As an Electrical Engineer I was designing sub-1u in the 1990s
And it was a big deal because there were scientists who thought breaking the 1u barrier couldn't be done. Then there were scientists who thought that breaking the 0.1u barrier couldn't be done (until it was in the early 2000s).
The problem is that molecular sizes are measured in angstroms, or 10-10. There comes a point where the polysilicon gate simply can't be made physically wide enough to carry enough electrical charge to manipulate the gate. One would logically think that this occurs at 3 molecules in thickness.
But, so far that limitation has not revealed itself!
Why are the graphs so imprecise?
Because applications vary all over the place. Logic led the way with sub-micron designs very early on because they needed vanishingly low power. Remember what I said about "not enough electrical charge?" Well... if you don't need a lot of electrical charge in the first place... Saving the planet was only one of the reasons driving low-power designs.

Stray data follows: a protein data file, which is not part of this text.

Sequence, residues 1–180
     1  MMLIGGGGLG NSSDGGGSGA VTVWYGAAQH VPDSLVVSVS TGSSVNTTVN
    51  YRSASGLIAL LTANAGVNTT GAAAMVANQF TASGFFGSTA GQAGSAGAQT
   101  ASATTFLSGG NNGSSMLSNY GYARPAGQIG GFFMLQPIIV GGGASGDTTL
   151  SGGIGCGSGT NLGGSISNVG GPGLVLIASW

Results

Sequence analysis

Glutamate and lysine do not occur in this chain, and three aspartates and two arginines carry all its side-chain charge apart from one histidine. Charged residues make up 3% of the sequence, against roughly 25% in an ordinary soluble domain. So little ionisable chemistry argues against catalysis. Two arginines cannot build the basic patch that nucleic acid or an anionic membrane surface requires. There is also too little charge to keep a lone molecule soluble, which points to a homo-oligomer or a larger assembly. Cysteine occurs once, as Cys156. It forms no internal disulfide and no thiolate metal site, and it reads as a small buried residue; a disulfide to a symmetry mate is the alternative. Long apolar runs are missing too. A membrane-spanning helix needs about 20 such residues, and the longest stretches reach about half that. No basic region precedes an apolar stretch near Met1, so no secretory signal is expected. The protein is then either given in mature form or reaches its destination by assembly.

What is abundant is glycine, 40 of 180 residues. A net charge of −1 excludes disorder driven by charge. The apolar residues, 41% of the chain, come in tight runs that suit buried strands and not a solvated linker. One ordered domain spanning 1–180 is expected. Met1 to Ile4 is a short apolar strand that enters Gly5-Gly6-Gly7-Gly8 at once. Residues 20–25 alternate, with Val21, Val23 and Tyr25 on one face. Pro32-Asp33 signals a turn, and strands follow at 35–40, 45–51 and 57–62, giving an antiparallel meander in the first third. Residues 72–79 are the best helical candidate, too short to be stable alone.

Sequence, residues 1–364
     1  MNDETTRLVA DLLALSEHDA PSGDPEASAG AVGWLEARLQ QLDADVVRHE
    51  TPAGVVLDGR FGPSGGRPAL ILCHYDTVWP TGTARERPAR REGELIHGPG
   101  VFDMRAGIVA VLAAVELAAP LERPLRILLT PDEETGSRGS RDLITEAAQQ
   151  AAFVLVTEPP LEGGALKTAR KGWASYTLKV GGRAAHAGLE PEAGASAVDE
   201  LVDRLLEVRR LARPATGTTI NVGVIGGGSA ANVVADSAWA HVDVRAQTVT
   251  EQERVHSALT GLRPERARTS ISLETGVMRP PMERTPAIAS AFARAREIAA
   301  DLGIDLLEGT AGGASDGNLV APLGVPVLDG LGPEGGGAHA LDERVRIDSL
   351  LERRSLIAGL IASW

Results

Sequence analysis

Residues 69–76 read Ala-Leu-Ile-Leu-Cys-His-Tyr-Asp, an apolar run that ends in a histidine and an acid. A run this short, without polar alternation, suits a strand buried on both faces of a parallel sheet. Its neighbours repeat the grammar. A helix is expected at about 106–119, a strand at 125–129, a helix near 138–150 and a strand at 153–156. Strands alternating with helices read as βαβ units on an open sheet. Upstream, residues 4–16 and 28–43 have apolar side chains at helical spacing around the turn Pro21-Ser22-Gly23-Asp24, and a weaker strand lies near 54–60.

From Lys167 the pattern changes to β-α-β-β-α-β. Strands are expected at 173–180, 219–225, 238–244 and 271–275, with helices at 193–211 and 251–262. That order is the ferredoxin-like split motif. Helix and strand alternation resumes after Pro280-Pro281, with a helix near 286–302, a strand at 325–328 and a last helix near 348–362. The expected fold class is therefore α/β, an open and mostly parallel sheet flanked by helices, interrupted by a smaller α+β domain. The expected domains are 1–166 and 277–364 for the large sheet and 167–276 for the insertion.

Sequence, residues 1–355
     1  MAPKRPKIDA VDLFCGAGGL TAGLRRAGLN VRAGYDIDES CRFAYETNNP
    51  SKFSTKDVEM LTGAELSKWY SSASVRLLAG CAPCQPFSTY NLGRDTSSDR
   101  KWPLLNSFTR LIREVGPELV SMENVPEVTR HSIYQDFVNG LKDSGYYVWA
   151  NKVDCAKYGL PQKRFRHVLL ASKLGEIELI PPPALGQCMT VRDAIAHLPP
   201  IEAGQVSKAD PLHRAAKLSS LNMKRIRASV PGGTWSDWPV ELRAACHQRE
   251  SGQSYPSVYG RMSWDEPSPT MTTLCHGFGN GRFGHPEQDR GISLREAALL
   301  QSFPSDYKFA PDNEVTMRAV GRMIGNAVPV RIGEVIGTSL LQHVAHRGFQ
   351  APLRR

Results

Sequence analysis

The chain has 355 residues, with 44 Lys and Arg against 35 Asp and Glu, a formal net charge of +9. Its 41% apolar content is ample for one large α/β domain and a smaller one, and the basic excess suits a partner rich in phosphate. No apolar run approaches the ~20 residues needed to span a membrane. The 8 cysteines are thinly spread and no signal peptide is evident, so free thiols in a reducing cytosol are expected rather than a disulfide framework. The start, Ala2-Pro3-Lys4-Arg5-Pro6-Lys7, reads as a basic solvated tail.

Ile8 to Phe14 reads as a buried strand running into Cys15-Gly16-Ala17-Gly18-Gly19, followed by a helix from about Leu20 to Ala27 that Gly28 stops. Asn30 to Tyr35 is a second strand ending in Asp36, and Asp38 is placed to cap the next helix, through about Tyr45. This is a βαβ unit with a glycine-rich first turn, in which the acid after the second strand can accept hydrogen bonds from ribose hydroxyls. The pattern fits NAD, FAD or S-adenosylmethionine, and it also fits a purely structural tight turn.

At the same time, you still had applications ranging from audio to bus drivers that had to push a boatload of energy somewhere. Those designs were still being build with 5-10u scale transistors. In my world, we dealt with BiCMOS (bipolar and CMOS tech on the same wafer). We commonly mixed sub-micron CMOS with super-micron bipolar.
Even in the future, there will always be reasons to build bigger-than-nanometer gates. But that won't stop us from building nanometer gates.
But the simple answer is: the graphs reflect when the technology was commonly used, not when it was first used or initially available. In short, the graphs are conservative.
OK, so what date should I use?
I'm a fan of 2000. It's a nice, round number and reflects some of the earliest uses of 0.2u and less designs.